Good Riddance to Candlestick
As seen in Sandbox Sports

After decades of suffering, the San Francisco Giants are finally moving out of Candlestick Park and into a bright and shiny new ballpark next year. The team has advertisements in local papers encouraging fans to come on out to The Stick for its "Season-Long Going Away Party." "Going Away Party?" It's not as if anybody but a flock of juvenile delinquent penguins could ever miss the place.

The fact of the matter is Candlestick Park is a dump. Truth be told, forget "The Stick" and "3-COM." They just don't fit. Call the place what it is, call it "The Dump." Think about it: a dump smells bad (I invite you to sample the aroma of the not-cleaned-in-30-years Candlestick restrooms); the workers are seemingly in no hurry (who hasn't seen Barry Bonds leisurely approach first base after hitting a ball he believes will be caught?); and, after paying to get in, you can't wait to get out. "The Dump" is perfect.

So why all the nostalgia? For the past decade, in their understandable effort to get a new stadium, the Giants have been complaining about The Dump's unbearable condition, inconvenient location, and weather that more resembles the Siberian coastline in winter than a spot on the edge of the San Francisco Bay. Suffering through a game there a few years ago, I felt as though I had discovered the eighth level of Dante's Hell. Eskimos in the bleachers were looking for seals to kill just so they could harvest the pelts and make a blanket.

Ah yes, Candlestick Park. What grand memories....

It's the 1961 All-Star Game and Giants' pitcher Stu Miller actually gets blown off the mound-not by the opposing hitters but by the wind. Miller was lucky. It was a Candlestick breeze that escaped and ended up in Kansas where it transported Dorothy, Toto and the whole farmhouse to the Land of Oz.

Is the weather really that bad? Puh-leeez! For a while the Giants actually awarded fans a Croix de Candlestick (no, it's not a pastry) if they stuck around through the conclusion of an extra-inning game. Two thoughts come to mind: (1) Soldiers survive Arctic weather conditions for months at a time and that fails to justify a medal but one extra-inning game at "The Dump" and you're flashing the hardware, and (2) was the Croix de Candlestick awarded for putting up with the horrendous weather or the Giants' typically horrendous play?

Despite all of the above, the Giants are throwing a "season-long going away party" for The Dump. Who but the Giants would have a season-long party to celebrate being liberated from the worst park in the baseball? Is there no shame? This is analogous to calling all of your friends and inviting them over to celebrate the flushing of the commode. Talk about bad taste.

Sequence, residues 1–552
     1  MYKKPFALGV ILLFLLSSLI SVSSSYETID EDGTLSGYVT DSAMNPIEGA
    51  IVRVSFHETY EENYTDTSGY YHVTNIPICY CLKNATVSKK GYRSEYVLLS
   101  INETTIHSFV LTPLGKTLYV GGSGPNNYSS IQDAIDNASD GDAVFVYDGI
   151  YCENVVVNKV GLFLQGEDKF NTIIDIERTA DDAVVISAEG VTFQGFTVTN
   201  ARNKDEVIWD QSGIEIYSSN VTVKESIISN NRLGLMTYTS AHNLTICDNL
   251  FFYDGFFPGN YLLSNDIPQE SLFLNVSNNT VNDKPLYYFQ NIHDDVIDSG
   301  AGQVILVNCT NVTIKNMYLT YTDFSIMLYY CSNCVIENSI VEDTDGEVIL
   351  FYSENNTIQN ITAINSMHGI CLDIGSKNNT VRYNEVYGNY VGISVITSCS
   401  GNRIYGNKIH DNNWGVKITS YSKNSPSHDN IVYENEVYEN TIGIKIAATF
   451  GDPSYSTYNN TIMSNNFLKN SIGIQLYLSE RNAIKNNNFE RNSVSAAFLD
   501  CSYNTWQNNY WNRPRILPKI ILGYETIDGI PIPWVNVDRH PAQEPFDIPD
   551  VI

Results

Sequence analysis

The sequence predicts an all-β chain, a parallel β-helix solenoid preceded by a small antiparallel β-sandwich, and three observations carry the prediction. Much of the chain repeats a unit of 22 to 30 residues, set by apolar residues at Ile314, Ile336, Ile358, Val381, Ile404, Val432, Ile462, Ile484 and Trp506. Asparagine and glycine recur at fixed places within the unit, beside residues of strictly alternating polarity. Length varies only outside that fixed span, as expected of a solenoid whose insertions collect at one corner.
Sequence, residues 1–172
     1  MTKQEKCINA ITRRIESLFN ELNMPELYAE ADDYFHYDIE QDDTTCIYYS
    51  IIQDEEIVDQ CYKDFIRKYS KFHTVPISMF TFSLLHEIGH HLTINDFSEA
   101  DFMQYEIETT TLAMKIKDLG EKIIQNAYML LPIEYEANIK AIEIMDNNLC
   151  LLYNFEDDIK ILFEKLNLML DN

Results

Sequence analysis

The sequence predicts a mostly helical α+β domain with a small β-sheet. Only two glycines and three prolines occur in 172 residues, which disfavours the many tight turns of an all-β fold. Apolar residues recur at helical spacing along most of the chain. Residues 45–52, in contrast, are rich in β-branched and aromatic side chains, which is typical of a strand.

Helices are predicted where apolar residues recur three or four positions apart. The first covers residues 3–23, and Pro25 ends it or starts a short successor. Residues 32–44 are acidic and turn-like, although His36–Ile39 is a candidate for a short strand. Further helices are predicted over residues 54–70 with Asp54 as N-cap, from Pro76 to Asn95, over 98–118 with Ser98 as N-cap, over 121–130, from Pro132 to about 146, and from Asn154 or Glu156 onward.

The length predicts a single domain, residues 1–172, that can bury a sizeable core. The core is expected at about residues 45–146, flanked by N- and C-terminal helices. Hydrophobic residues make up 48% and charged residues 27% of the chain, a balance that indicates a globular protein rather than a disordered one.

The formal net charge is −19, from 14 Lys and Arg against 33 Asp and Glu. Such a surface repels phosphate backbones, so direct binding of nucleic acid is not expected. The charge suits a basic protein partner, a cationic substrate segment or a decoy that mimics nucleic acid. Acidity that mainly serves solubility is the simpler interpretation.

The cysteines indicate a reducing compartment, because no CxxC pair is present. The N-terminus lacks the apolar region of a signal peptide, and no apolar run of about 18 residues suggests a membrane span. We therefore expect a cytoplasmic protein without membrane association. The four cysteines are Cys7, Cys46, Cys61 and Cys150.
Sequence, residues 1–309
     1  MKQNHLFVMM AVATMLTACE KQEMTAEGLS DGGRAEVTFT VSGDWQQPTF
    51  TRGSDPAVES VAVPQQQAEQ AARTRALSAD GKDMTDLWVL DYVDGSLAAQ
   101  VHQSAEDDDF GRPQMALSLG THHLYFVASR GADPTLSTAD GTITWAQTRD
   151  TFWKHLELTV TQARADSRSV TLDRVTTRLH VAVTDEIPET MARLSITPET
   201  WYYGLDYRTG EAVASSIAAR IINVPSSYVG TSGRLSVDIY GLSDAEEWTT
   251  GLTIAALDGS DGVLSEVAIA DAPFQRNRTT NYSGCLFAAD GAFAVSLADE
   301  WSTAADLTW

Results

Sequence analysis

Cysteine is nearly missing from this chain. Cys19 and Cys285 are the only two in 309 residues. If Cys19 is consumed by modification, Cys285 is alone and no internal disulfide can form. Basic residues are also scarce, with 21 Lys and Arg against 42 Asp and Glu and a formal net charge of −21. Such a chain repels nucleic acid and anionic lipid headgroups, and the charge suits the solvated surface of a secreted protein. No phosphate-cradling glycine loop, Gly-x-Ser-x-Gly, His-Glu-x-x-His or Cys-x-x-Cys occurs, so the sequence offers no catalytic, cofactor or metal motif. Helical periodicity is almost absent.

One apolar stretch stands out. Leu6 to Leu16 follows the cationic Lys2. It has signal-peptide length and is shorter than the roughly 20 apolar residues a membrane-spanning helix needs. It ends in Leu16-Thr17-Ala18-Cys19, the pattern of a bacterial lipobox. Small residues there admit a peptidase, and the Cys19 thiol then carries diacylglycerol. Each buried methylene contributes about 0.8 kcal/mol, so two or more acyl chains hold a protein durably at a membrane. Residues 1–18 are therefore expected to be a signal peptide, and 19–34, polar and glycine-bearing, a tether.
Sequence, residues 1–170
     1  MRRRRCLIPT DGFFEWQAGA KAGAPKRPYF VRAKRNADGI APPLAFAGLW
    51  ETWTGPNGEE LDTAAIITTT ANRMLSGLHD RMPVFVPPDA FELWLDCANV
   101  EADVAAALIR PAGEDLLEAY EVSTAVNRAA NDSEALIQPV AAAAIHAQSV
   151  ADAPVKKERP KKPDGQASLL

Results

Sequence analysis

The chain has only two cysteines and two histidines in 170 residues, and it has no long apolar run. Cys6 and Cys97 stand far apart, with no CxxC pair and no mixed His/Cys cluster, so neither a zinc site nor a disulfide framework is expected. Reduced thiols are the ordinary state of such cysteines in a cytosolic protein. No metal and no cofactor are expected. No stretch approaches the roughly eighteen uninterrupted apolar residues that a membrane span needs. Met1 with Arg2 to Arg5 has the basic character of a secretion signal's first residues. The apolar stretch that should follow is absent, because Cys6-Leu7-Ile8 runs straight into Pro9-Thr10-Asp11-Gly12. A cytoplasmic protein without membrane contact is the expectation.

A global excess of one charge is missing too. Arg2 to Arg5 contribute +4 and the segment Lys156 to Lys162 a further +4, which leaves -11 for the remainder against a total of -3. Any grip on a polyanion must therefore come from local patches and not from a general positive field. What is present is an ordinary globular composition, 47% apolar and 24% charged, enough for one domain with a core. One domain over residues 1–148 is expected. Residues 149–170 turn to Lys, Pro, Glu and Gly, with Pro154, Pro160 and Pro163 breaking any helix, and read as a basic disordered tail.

Rather than a season-long going away party, the Giants should point out to fans that this is the last season that parents can punish their kids by forcing them to attend a Giants' game on a weeknight at The Dump. From now on, to simulate the same "scared-straight" conditions (and effect), parents will be forced to threaten their kids with three hours in an ice-lined, snow-machine-equipped wind tunnel where they'll have to stand buck naked and watch continuous reruns of Baseball's greatest bloopers and dumbest plays.

In the spirit of truth-in-advertising, the Giants ought to dump the Going-Away-Party theme and adopt any of the following:

  • Come out to The Dump... Experience Siberia without the hassle of the travel.

  • Come out to The Dump... Hell won't seem so bad.

  • Come out to The Dump... Buy a season ticket and you're a shoe-in for that insanity plea.

  • Come out to the Dump... See where two World Series' were won... by the visiting team (1962, 1989).

  • Come out to The Dump... when you leave, you won't believe you actually paid to get in.

  • Come out to The Dump... you can watch a really good team... if the Braves happen to be in town.

  • Come out to The Dump... you'll feel good about having stayed away.

  • Come out to The Dump... "#%!^*#$!*"

At that game that I attended at The Dump, the following occurred to me: Joe DiMaggio's game so often appeared effortless because of his immense talent and fluid play. Barry Bonds' game so often appears effortless because of his immense indifference and lackluster play.


© Bucketfoot Baseball Publications, 1999